Publications
Arend LJ, Smart AM, and JP Briggs. Metanephric rat-mouse chimeras to study cell lineage of the nephron. Developmental Genetics 24(3/4):230-240, 1999

Arend LJ, Smart A, and JP Briggs. Mouse beta 6 integrin sequence, pattern of expression, and role in kidney development. J Am Soc Nephrol 11:2297-2305, 2000

Phillips CL, Arend LJ, Filson A, Kojetin D, Clendenon J, Fang S, and KW Dunn. Three dimensional imaging of embryonic mouse kidney by two-photon microscopy. Am J Pathol 158(1):49-55, 2001

Fu J, Jin Y, and LJ Arend. Smac3, a novel Smac/DIABLO splicing variant, attenuates the stability and apoptosis-inhibiting activity of XIAP. J Biol Chem Dec 26;278(52):52660-72, 2003

Lorenz, JN, L.J. Arend, R Robitz, RJ Paul, AJ MacLennan. Vascular dysfunction in S1P2 sphingosine-1-phosphate receptor knockout mice. American Journal of Physiology- Regulatory, Integrative and Comparative Physiol 292(1):R440-6, 2007

Kirby RJ, Jin Y, Fu J, Cubillos J, Swertfeger, D, Arend LJ. Dynamic regulation of sphingosine-1-phosphate homeostasis is critical for branching morphogenesis of the mouse metanephric kidney. Am J Physiol Renal Physiol 296:F634-F641, 2009

Kirby RJ, Swertfeger, D, Arend LJ. Crosstalk between GDNF/RET and S1P/S1PR signaling pathways regulates kidney epithelial cell migration. In Preparation.




Email sbagnas1@jhmi.edu
Phone (410) 502-0812
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Serena M. Bagnasco, M.D.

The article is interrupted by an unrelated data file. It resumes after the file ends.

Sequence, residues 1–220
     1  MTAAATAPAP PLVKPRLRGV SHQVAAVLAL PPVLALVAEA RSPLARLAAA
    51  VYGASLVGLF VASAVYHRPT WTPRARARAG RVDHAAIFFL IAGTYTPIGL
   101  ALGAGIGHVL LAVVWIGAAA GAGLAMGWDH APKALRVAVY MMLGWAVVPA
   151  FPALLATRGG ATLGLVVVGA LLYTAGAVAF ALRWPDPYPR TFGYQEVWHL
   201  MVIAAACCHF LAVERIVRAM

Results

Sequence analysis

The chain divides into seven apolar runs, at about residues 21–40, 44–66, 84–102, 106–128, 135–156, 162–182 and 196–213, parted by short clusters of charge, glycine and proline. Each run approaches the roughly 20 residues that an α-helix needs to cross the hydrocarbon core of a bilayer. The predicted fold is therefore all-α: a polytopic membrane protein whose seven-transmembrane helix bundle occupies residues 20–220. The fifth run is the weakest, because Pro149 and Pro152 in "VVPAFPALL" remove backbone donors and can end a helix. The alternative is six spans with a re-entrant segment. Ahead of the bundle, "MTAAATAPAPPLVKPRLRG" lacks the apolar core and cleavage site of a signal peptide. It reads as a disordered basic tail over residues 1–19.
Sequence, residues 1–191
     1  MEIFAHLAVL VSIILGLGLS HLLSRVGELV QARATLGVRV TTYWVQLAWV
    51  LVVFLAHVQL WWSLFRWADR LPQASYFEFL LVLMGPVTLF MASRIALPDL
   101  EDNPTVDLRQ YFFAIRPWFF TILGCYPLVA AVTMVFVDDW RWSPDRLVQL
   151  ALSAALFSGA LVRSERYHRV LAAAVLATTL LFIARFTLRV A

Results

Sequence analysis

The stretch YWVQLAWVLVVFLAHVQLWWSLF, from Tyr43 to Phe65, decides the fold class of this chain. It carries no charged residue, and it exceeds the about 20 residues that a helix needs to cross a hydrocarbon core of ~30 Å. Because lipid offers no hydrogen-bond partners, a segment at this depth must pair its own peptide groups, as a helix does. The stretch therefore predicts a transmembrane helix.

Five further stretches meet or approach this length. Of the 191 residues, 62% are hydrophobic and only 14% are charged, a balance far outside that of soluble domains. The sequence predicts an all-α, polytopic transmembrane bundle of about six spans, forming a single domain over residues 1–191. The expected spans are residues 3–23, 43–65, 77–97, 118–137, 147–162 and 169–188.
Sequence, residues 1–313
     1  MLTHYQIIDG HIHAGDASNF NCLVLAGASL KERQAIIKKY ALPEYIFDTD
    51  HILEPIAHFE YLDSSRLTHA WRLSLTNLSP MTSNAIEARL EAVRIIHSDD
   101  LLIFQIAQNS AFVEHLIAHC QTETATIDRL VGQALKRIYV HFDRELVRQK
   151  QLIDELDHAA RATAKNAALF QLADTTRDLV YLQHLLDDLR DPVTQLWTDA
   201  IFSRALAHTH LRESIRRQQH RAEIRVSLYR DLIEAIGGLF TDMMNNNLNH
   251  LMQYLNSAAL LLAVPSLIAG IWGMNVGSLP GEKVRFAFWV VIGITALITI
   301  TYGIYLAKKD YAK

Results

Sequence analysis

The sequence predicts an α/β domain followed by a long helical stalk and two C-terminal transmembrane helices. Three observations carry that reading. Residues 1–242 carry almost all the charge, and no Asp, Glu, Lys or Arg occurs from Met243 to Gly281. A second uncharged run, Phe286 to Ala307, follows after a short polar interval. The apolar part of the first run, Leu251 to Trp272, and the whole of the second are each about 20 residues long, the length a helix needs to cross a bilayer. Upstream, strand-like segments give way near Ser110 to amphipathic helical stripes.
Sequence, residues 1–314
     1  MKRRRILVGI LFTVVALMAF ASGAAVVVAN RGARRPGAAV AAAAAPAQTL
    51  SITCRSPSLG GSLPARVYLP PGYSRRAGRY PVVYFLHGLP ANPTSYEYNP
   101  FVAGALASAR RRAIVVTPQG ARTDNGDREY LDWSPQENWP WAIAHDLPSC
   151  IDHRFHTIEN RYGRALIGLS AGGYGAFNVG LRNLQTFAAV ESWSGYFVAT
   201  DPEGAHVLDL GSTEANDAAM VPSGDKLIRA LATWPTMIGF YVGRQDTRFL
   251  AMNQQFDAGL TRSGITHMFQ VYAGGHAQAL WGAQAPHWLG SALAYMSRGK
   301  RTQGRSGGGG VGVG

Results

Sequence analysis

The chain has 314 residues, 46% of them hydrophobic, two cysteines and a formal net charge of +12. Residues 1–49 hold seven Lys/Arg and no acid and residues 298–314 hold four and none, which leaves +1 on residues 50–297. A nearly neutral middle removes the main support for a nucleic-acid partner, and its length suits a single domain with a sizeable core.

Primary Appointment in Pathology


My research interests are in the field of renal physiology and pathophysiology, and in the mechanisms of adaptation of renal cells to the environment of the kidney medulla, characterized by high concentration of salt and urea. We have defined the genomic organization of the gene that encodes the major renal urea transporters, which are essential for the process of urine concentration in the mammalian kidney. We are currently studying the pathways regulating expression and function of these transporters in the kidney and at extrarenal sites.



Publications

Nakayama, Y., T. Peng, J.M. Sands, S.M. Bagnasco. The TonE/TonEBP pathway mediates tonicity-responsive regulation of UT-A urea transporter expression. Journal of Biological Chemistry, 275: 38275-38280, 2000.

Bagnasco, S.M., Tao Peng, M.G. Janech, A. Karakashian, J.M. Sands. Cloning and characterization of the human urea transporter UT-A1, and mapping of the human Slc14a2 gene. American Journal of Physiology- Renal, 281: F400-406, 2001.

Peng, T., J.M.Sands, S.M. Bagnasco. Glucocorticoids inhibit transcription and expression of the UT-A urea transporter gene. American Journal of Physiology- Renal, 282:F859-F865, 2002.

Bagnasco, S.M.. Gene structure of urea transporters. American Journal of Physiology- Renal Physiology, F3-F10, 2003.